Apart from their independent role, anapaests are sometimes used as substitutions in iambic verse. In strict iambic pentameter, anapaests are rare, but they are found with some frequency in freer versions of the iambic line, such as the verse of Shakespeare’s last plays, or the lyric poetry of the 19th century.

References: Shakespeare Biography (BOOK)

 

Dactyl (poetry)

A dactyl (Gr. δάκτυλος dáktulos, “finger”) is a foot in meter in poetry. In quantitative verse, such as Greek or Latin, a dactyl is a long syllable followed by two short syllables, as determined by syllable weight. In accentual verse, such as English, it is a stressed syllable followed by two unstressed syllables—the opposite is the anapaest (two unstressed followed by a stressed syllable).

The word “poetry” is itself a dactyl, as pointed out in the New York Times Crossword Puzzle (Will Shortz, ed.) for May 31, 2006. A useful mnemonic for remembering this long-short-short pattern is to consider the relative lengths of the three bones of a human finger: beginning at the knuckle, it is one long bone followed by two shorter ones (hence the name “dactyl”).

An example of dactylic meter is the first line of Henry Wadsworth Longfellow‘s poem Evangeline, which is in dactylic hexameter:

This is the / forest prim- / eval. The / murmuring / pines and the / hem locks,

The first five feet of the line are dactyls; the sixth a spondee.

Stephen Fry quotes Robert Browning‘s The Lost Leader as an example of the use of dactylic metre to great effect, creating verse with “great rhythmic dash and drive”:[1]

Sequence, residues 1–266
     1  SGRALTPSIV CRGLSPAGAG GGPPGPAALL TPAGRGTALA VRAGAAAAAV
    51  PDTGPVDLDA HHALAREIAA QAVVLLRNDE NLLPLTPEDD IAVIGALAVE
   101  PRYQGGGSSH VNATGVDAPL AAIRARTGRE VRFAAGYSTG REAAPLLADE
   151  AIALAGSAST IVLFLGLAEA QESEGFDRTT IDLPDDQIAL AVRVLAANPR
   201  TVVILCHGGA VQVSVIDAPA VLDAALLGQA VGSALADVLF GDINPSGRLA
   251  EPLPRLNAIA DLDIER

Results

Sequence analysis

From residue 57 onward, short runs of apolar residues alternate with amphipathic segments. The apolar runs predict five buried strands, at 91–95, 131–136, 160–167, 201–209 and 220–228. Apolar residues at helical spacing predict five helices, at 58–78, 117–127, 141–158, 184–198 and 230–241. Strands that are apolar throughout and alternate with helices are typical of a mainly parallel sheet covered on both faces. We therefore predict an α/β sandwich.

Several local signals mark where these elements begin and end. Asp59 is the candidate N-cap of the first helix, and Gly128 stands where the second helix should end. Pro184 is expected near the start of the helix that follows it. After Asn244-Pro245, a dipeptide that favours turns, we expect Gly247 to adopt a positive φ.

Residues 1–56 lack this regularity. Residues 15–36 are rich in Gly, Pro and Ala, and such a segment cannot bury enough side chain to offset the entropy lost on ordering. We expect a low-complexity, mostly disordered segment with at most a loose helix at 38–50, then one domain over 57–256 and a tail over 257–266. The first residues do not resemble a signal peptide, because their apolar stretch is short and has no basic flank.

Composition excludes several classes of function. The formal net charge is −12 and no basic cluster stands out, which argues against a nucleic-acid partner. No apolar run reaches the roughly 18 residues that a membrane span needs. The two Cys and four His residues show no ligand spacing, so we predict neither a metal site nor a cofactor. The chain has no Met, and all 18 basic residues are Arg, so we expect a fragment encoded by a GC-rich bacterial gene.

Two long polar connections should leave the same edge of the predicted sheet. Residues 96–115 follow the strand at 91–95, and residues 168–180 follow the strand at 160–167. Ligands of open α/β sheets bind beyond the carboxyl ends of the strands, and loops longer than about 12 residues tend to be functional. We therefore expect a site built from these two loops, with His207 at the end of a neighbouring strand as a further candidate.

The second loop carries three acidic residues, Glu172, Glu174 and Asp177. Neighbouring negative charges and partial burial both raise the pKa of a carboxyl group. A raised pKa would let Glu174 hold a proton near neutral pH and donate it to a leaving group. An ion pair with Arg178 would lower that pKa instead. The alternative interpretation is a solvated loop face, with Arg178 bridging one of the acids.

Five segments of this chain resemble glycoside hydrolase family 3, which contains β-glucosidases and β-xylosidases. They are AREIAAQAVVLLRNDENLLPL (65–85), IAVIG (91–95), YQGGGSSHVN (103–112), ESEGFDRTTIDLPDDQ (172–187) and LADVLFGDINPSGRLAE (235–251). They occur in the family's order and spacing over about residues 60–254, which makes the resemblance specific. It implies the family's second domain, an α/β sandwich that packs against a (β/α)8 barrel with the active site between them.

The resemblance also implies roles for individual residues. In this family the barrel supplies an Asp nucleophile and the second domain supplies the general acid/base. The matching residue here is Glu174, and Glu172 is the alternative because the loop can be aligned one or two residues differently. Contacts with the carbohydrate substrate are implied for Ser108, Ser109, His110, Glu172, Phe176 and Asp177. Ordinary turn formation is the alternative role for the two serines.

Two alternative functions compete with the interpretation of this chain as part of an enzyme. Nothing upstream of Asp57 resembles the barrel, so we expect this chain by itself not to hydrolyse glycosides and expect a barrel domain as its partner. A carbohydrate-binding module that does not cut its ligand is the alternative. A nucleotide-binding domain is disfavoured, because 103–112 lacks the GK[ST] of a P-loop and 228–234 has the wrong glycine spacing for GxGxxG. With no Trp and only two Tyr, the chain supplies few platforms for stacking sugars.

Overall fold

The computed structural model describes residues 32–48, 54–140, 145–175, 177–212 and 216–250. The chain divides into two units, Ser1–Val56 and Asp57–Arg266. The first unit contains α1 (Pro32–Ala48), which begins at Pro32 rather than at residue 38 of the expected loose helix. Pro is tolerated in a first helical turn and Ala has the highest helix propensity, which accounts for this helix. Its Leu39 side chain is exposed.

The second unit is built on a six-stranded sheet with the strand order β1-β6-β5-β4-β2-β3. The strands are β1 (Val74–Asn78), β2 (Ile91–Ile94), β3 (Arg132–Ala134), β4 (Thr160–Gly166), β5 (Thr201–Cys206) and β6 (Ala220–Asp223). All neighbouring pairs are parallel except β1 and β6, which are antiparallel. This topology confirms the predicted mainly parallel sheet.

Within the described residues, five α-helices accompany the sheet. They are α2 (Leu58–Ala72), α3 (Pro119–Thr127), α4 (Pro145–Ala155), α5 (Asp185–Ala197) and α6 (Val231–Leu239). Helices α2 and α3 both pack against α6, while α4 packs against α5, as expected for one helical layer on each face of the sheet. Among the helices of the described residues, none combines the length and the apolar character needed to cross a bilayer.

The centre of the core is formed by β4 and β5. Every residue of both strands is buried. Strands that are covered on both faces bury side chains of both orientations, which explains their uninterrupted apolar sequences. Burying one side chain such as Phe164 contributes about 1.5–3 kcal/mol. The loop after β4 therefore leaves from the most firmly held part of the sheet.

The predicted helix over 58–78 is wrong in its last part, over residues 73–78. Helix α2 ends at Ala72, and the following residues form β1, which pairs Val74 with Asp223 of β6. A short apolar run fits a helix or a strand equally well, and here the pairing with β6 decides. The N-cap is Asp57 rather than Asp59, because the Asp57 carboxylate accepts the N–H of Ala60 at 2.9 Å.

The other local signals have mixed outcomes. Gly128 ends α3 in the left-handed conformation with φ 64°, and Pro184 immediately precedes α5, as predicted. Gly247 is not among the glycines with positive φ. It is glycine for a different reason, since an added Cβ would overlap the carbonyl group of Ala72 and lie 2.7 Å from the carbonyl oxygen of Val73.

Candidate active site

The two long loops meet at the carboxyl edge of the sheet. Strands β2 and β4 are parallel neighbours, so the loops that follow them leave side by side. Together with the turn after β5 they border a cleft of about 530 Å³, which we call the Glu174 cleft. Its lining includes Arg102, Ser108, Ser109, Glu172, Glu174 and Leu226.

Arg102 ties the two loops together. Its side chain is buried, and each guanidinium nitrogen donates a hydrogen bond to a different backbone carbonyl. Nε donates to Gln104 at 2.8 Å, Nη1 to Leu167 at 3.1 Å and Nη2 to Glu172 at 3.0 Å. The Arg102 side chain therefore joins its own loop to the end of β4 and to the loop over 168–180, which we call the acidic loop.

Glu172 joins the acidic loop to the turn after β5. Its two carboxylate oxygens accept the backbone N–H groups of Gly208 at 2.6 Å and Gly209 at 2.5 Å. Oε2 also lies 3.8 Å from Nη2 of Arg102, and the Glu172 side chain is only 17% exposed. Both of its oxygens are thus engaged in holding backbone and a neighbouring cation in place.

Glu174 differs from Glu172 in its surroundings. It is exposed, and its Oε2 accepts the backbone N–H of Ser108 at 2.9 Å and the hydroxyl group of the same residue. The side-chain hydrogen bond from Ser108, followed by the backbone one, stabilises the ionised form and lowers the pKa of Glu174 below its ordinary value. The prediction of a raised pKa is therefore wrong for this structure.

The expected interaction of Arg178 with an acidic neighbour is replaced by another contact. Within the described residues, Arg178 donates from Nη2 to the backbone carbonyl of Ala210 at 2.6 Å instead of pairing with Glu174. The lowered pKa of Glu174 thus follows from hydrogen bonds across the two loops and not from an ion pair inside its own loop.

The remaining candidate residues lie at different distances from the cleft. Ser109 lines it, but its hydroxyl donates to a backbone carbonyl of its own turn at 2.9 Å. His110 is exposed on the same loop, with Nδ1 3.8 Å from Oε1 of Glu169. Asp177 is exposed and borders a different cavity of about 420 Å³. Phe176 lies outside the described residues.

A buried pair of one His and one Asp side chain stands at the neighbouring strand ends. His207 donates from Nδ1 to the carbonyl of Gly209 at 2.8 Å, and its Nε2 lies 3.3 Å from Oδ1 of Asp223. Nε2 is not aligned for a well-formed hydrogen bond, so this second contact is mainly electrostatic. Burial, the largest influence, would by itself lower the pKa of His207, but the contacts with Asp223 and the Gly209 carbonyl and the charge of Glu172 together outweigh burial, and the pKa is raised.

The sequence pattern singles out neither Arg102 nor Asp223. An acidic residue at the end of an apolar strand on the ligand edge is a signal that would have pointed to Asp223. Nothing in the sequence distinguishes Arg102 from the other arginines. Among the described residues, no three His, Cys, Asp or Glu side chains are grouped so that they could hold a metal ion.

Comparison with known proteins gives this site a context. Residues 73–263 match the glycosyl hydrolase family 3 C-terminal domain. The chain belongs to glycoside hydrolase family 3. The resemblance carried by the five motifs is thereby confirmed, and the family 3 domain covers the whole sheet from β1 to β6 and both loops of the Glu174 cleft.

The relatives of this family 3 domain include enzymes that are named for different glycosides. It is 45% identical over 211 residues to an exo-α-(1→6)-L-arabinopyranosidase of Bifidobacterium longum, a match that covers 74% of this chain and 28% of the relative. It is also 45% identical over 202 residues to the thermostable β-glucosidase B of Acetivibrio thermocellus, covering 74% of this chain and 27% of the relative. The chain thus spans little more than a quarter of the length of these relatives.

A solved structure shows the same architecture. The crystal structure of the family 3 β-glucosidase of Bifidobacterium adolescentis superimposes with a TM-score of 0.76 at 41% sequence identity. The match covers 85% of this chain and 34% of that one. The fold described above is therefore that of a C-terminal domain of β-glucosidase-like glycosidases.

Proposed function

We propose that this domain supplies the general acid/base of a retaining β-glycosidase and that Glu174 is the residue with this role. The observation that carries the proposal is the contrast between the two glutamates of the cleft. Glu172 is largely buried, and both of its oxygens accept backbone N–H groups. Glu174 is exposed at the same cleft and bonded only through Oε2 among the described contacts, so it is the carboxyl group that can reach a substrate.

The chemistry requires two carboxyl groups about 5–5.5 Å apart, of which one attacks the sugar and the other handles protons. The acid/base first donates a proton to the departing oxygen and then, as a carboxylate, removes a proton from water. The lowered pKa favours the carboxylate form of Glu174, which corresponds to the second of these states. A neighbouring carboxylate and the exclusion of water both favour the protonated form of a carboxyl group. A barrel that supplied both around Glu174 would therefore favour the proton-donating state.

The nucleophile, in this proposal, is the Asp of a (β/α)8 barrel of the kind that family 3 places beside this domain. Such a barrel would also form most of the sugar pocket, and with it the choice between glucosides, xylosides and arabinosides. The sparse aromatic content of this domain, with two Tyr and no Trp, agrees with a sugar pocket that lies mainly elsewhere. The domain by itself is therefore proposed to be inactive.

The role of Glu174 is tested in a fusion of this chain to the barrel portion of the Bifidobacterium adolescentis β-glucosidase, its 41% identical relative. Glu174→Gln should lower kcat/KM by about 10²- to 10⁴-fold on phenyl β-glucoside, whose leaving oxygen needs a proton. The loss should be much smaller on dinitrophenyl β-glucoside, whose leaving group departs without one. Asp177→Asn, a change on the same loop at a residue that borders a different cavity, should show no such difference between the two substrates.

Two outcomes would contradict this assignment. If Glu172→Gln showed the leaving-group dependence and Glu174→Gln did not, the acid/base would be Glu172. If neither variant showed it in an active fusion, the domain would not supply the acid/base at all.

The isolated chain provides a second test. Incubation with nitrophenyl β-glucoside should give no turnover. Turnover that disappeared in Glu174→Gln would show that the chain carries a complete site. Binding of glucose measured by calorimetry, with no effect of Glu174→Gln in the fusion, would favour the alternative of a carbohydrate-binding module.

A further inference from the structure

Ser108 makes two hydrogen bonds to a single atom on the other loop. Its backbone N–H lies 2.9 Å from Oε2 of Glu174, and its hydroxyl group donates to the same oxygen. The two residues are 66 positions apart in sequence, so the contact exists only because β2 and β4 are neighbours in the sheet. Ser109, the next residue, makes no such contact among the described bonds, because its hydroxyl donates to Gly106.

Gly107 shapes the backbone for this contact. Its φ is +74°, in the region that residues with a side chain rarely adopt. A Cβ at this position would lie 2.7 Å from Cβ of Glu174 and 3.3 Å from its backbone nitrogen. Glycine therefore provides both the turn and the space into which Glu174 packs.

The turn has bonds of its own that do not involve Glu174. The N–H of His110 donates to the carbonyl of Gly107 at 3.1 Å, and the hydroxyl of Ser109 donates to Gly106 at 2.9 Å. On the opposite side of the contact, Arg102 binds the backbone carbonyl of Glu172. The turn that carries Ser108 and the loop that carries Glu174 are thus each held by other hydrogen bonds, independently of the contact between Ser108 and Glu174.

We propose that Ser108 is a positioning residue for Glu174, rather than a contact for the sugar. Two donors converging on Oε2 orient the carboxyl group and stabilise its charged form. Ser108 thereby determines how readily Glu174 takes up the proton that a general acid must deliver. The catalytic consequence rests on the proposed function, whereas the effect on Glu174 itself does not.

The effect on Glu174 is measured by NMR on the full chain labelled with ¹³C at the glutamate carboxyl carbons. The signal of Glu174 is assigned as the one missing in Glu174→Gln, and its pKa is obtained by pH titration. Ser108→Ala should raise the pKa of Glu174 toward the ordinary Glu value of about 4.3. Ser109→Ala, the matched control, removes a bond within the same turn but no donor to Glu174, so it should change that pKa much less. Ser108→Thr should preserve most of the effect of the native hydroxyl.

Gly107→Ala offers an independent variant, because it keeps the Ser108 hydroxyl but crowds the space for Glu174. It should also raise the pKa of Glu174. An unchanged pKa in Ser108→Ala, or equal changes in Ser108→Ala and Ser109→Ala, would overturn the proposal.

Just for a handful of silver he left us
Just for a riband to stick in his coat

The first three feet in both lines are dactyls.

Another example: the opening lines of Whitman’s “Out of the Cradle Endlessly Rocking” (1859), his poem about the birth of his poetic voice:

Out of the cradle, endlessly rocking [a dactyl, followed by a trochee (‘cradle’); then another dactyl followed by a trochee (‘rocking’]
Out of the mockingbird’s throat, the musical shuttle [2 dactyls, then a trochee (‘throat, the’); then another dactyl, followed by a trochee]
. . .

The dactyl “out of the…” becomes a pulse that rides through the entire poem, often generating the beginning of each new line, even though the poem as a whole, as is typical for Whitman, is extremely varied and “free” in its use of metrical feet.

Dactyls are the metrical foot of Greek elegiac poetry, which followed a line of dactylic hexameter with dactylic pentameter.

 

 

 

From Wikipedia, the free encyclopedia